From Straightforward Combat to a Beautiful Mess

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Most of us go into action games for combat, and Bayonetta 3 is no different. Fortunately, the combat here is far from a letdown. Previously, the most fun you have is relentlessly trying to keep up, switching between Bayonetta’s moves to find what works for you. Though if you kept it linear, going hard at your controller, you could still narrowly make it through to the end. 

This time, Bayonetta’s core punch, kick, jump, shoot, and “Witch Time” gameplay is back. However, Bayonetta 3 gets more creative, introducing some out-of-this-world weapons and the attack feature everyone is talking about: Demon Summons. These giant demon beasts come equipped with unique skills, nuances, and combos. So, you can’t just summon any demon wherever. Each one has a role to play, plus summoning them drains your magic meter system.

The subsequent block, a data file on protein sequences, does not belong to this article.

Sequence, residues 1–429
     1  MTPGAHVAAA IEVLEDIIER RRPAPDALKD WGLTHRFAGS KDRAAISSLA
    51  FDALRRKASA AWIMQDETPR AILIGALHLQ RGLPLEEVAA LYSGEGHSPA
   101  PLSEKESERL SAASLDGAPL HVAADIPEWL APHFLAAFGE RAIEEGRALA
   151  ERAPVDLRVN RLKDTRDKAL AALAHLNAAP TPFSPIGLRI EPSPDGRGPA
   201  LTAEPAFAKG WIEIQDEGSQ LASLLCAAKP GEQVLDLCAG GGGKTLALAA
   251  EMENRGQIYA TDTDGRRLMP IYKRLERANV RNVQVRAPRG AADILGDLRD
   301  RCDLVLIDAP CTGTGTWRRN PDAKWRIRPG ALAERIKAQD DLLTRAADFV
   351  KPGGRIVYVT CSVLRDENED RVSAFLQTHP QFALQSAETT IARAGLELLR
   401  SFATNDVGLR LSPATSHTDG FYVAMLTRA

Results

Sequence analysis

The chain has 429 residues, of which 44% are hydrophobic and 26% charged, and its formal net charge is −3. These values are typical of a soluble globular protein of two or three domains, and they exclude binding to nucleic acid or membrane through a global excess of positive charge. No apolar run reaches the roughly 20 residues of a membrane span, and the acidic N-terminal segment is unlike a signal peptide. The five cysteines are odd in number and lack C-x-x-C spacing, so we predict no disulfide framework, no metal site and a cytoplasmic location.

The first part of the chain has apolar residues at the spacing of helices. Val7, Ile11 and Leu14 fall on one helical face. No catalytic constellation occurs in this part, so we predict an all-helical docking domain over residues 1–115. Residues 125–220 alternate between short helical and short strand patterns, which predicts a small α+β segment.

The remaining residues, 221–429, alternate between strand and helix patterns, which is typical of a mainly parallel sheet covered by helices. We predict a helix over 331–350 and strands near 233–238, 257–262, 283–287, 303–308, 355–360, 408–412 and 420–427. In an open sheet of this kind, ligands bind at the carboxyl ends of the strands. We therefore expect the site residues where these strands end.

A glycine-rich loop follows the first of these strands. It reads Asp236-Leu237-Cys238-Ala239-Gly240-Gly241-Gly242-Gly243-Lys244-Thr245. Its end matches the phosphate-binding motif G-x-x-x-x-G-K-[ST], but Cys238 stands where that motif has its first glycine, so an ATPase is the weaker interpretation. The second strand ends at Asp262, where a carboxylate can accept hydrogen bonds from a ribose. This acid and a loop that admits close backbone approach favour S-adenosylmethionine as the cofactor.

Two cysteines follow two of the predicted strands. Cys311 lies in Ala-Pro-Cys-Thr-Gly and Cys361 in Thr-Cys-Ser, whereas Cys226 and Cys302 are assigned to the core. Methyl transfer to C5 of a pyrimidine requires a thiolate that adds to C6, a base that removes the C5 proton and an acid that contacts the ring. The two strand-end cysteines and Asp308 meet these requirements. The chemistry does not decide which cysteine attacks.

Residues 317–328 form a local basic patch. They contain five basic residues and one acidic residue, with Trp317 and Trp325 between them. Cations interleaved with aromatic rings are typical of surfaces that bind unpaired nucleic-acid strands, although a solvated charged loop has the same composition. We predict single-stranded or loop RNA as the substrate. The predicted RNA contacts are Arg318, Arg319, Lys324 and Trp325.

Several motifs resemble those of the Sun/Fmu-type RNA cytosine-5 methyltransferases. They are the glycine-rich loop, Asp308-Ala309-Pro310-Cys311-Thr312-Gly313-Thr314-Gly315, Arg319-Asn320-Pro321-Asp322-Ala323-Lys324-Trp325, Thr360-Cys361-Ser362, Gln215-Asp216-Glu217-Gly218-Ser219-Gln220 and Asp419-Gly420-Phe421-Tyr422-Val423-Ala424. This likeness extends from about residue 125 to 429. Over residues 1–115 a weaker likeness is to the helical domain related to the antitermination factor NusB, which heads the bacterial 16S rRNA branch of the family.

Your job is to creatively deal Bayonetta’s deck of cards, either using your physical moves, your weapon arsenal. This activates your “Witch Time” mechanic when you dodge an attack, which slows down time. In turn, giving you leeway to rain down hell on your opponent; or summoning your demon buddy who could take down your opponents for you.